Part of the challenge of the Catfish’s Maw comes from the dungeon item itself – the hookshot. The hookshot’s main jam is to pull you across large gaps quickly, but the problem is that the game already has given us a tool for trying to cross large gaps: the pegasus boot jump or long jump. It can sometimes be unclear when the jump you’re looking at is one that’s too long for even the long jump to handle. Any effort to jump a gap meant for the hookshot will lead to lost hearts, but in many rooms I found myself trying to make it across at least once to see if maybe I could finally find one of the keys for the dungeon. There’s one particular obstacle where you can technically jump across using just the roc’s feather, but when you do so you’ll get cut by blades. I lost quite a bit of health trying to figure out how to jump through this section without getting cut, only to find out that it’s impossible to do so without the hookshot. This caused me to take lots of damage hopping across, then in the next room I definitely had to have the hookshot to progress, so I lost even more health hopping back to where I started.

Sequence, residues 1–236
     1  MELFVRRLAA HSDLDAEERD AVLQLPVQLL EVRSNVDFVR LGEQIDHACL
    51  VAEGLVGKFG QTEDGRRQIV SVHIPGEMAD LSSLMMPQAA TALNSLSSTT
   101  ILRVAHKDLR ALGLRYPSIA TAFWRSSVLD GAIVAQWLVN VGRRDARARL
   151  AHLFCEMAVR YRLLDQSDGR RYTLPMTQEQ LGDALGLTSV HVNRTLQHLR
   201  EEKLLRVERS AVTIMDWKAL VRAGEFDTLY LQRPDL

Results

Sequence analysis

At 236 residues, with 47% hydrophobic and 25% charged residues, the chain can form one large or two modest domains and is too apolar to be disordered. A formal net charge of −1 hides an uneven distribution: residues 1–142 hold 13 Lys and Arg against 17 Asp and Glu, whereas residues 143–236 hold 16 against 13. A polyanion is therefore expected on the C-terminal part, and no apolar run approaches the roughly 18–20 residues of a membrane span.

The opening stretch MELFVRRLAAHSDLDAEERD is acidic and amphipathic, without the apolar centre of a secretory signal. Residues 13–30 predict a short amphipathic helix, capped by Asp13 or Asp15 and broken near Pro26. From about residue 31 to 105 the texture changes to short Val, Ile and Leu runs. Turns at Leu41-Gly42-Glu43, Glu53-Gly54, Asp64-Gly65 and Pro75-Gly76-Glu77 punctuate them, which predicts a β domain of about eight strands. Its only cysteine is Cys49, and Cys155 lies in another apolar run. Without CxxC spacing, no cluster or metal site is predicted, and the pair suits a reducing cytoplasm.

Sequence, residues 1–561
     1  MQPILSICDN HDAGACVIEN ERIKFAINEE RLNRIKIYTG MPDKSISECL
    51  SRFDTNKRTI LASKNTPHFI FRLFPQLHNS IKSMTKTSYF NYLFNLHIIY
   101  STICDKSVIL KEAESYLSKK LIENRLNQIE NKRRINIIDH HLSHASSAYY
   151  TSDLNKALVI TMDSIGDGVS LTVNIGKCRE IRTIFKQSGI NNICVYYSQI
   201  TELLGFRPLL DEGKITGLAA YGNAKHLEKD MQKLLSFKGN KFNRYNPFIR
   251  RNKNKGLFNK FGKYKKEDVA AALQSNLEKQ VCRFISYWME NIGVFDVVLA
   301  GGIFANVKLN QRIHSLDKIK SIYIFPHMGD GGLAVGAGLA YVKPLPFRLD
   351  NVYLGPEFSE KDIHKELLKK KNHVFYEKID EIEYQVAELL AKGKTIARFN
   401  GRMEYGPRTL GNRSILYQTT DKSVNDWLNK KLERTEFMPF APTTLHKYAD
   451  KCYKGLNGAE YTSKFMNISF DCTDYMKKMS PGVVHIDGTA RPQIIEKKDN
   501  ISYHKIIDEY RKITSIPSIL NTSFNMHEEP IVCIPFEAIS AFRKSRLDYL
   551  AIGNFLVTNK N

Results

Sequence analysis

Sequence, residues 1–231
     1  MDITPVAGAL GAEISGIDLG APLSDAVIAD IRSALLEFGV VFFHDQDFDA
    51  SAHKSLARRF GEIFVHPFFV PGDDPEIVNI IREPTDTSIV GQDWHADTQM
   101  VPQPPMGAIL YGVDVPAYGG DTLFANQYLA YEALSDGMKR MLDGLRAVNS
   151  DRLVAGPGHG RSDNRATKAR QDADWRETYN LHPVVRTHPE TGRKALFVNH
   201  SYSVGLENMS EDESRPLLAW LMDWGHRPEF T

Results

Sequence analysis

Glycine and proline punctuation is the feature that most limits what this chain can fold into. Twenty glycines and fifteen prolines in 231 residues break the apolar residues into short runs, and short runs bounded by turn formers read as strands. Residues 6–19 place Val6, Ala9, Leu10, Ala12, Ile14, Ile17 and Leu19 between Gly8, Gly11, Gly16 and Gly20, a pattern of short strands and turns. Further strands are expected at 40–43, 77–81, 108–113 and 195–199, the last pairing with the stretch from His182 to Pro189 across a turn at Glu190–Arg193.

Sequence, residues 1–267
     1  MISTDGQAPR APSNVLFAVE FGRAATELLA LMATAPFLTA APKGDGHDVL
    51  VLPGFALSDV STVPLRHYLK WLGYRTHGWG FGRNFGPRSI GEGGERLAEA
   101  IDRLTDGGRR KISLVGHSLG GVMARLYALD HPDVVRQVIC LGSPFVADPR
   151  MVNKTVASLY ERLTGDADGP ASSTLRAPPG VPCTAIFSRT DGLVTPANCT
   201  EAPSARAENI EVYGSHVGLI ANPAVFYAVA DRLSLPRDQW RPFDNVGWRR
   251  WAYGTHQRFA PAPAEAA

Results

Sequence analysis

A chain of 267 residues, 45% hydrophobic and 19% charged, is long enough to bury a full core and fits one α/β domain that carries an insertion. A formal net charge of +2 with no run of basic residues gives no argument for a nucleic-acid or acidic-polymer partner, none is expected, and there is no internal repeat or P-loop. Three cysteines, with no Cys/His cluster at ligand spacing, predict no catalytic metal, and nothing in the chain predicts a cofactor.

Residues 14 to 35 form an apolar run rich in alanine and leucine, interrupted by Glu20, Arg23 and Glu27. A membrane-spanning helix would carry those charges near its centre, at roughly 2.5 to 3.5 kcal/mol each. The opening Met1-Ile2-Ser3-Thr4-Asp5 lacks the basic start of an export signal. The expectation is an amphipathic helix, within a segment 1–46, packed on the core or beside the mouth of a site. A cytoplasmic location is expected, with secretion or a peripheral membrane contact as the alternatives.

Part of why I felt the need to test obstacles to see whether or not they were passable without the hookshot is because I had a difficult time finding where I was supposed to go in the dungeon. Everywhere seemed to be a dead end. This passage led to a sealed door that I couldn’t open, that one required the hookshot, this other one needed a key. The dungeon is structured as a long central passage with multiple side passages that split off. Many of these side paths end in dead ends requiring a key or the hookshot to progress, leading you trudging back down the hallway and trying the next fork in the road. By the time this had happened two or three times, I felt like I had to be missing something. Every path led to another location that I didn’t have the tools to explore further, so I found myself thinking that perhaps one of them was an obstacle that I actually could overcome if I just did it the right way.